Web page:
Jack Ma created digital shopping in China, and now he is stepping back
Beijing: When the Chinese go shopping, they use a smartphone. But Alibaba’s virtual marketplace is so pervasive that the digital wallets the company created to boost online shopping have now also largely replaced cash offline in China, too.
On Monday, Alibaba chairman Jack Ma announced that in a year’s time, on the 20th anniversary of the co-founding of his company, he would step down. He wants to return to teaching and philanthropy. He named a successor, chief executive Daniel Zhang.
Such is Ma’s celebrity profile as a torch bearer for digital China that his open letter explaining his reasons was soon trending on Chinese social media.
“From a global perspective, I don’t think any face or name represents the rise of online China and the Chinese consumer more than Jack Ma,” says Mark Tanner, a digital marketing expert at China Skinny. “He really read Chinese consumers incredibly well and gave them the tools.”
Among the 8624 comments on Ma’s letter an hour after he posted it, one commenter wrote: “It is teacher Ma who enabled me to make money at home. It is teacher Ma who enabled me to transfer money without lining up in the bank. It is teacher Ma who taught me online shopping.”
Another said: “Teacher Ma Yun has become a symbol of this era”.
With a market capitalisation of $591 billion, Alibaba ranks as Asia’s most valuable company, commanding 58 per cent of China’s e-commerce market. Forbes lists Ma as China’s third-richest man with a personal wealth of $US38.6 billion ($52 billion).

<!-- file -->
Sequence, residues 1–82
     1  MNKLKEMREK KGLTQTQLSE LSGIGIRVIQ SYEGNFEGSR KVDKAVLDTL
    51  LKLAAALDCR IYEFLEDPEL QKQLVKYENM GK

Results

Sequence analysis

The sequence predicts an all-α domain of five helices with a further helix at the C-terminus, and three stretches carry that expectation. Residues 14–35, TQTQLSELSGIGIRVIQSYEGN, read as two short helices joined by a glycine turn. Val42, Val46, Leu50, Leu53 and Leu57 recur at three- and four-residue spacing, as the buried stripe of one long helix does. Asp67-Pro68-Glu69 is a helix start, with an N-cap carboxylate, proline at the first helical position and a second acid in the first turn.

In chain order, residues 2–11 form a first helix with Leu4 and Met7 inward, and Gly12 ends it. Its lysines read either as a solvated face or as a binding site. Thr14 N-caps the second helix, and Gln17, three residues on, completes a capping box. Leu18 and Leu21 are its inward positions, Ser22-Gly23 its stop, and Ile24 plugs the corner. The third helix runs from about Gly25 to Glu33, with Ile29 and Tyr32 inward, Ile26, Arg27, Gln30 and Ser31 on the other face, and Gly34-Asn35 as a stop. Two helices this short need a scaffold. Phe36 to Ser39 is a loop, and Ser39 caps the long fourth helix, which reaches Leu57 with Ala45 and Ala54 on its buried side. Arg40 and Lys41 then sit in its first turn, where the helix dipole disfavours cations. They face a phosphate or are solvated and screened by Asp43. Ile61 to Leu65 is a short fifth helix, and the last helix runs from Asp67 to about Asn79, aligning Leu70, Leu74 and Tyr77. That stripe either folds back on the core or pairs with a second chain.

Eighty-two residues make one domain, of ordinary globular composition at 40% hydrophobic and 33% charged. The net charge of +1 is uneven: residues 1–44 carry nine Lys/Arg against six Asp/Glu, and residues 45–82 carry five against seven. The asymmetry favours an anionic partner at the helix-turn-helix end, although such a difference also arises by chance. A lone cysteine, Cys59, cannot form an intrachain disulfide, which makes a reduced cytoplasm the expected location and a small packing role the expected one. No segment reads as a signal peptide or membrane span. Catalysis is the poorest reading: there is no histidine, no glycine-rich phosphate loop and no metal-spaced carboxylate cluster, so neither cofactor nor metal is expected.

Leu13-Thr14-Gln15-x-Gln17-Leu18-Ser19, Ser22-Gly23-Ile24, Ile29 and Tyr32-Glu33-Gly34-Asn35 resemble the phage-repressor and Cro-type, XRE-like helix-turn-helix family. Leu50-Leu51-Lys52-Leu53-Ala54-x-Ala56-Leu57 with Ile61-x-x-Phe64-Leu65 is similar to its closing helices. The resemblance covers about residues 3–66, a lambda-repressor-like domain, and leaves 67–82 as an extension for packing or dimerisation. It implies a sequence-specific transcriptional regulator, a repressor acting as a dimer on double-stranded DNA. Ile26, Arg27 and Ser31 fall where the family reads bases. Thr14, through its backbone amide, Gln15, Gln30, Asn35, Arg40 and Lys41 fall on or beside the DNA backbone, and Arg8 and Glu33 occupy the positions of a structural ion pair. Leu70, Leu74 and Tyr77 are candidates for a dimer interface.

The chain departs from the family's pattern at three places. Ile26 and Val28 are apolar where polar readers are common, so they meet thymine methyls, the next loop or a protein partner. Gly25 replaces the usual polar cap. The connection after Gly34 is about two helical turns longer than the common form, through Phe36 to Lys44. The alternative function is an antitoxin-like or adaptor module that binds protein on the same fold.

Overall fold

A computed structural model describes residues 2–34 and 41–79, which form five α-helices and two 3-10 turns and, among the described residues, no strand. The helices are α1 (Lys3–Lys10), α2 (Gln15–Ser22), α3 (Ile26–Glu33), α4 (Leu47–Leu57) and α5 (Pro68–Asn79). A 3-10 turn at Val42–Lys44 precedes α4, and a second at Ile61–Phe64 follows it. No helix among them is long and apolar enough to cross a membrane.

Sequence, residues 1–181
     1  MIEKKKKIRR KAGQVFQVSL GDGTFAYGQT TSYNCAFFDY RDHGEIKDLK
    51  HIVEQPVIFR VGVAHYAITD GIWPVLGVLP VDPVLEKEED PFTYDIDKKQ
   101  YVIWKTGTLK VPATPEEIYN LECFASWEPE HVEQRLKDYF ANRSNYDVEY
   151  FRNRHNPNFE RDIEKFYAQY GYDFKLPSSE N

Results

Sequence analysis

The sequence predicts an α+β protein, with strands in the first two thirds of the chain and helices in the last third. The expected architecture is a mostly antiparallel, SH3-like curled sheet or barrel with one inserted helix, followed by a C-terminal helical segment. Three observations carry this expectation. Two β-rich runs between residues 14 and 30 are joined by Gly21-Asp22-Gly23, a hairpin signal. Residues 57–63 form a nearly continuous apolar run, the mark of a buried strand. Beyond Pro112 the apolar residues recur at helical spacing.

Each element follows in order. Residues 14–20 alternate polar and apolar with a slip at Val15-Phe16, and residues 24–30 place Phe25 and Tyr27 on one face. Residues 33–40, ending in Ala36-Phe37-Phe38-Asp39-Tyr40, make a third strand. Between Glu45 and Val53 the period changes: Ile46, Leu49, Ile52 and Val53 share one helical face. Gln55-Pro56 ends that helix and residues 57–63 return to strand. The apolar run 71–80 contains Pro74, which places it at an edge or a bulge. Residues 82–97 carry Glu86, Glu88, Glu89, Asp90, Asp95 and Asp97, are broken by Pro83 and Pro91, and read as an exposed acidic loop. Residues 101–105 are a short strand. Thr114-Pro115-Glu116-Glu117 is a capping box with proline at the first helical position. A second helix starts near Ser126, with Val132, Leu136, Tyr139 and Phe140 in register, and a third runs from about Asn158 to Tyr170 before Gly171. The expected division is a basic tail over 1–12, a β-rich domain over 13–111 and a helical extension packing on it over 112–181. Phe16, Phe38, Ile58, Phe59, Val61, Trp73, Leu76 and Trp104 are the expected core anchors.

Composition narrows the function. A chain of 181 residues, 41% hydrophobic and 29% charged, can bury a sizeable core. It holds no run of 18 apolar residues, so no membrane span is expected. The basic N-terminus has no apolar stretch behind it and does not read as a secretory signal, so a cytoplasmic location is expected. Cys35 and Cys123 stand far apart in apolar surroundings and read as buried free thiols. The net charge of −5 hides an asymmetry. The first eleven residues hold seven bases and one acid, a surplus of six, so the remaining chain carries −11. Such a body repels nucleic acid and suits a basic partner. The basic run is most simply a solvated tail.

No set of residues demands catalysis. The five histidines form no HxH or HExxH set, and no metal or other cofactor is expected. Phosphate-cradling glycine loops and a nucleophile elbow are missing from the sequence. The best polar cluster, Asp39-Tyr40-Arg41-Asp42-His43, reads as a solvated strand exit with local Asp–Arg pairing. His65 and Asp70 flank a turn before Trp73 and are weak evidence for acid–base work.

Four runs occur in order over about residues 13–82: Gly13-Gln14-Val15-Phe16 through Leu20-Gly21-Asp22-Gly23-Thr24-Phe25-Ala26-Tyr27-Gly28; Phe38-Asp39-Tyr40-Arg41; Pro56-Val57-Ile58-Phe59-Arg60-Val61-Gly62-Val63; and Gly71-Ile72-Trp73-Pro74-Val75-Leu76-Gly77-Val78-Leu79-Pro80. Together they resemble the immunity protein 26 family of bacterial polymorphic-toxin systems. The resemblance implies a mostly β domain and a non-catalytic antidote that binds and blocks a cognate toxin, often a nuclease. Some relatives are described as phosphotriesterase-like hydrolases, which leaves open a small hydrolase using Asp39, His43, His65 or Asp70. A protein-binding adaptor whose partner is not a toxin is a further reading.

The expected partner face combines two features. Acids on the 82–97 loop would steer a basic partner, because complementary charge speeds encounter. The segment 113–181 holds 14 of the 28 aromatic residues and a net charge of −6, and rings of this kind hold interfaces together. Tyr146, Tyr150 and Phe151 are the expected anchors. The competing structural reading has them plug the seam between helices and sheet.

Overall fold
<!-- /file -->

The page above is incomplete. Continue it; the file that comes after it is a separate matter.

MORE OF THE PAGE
AustCham Shanghai chief executive Jack Brady said Alibaba has been “pivotal” in the success of Australian companies selling products ranging from vitamins to milk powder to China. “Three to four years ago we weren’t talking about e-commerce, but it has grown rapidly and they have been number one,” says Brady.
In his letter, Ma wrote: “When Alibaba was founded in 1999, our goal was to build a company that could make China and the world proud and one that could cross three centuries to last 102 years. However, we all knew that no one could stay with the company for 102 years.”
Ma’s successor, Zhang, 46, carries a business card with the title “xiaoyouzi”, or free and unfettered one, according to Hong Kong’s South China Morning Post newspaper (bought by Alibaba in 2015).
Zhang is credited with creating China’s biggest online shopping event, Double Eleven or Singles Day, that drove $US25.3 billion in purchases within 24-hours last year. Alipay, the digital wallet, processed 1.48 billion transactions. Alipay and rival WeChat Pay have replaced cash for most Chinese shoppers.
uring the shopping spree, Ma appeared on stage with celebrities including Nicole Kidman and screened his vanity kung fu movie project as part of a nationally televised gala concert.
China’s second largest e-commerce company is JD.com, with a 16 per cent market share.
Chinese business media drew comparison’s between Ma’s announcement for an orderly succession at Alibaba, and last week’s equally headline grabbing news that JD.com founder Richard Liu had been briefly arrested in the US and may still face rape charges.
JD.com, a Nasdaq-listed company, lost $US7.2 billion in market value as shareholders realised Liu alone controlled decision making at the company.
Teacher Ma Yun has become a symbol of this era.
“The fact that there is no apparent leader that could replace Liu, if it comes to that, reveals a risk for the company’s long-term growth,” Lu Zhenwag of Shanghai Wanqing Commerce Consulting told The Global Times.
Private speculation was rife in China as to the timing of Ma’s surprise announcement.
Alibaba’s marketers said it was timed for Teacher’s Day in China, but the recent woes of JD.com may have highlighted the benefits for a company of having a clearly articulated plan for a tech titan’s exit.
In his letter Ma emphasised: “This transition demonstrates that Alibaba has stepped up to the next level of corporate governance from a company that relies on individuals, to one built on systems of organisational excellence and a culture of talent development.”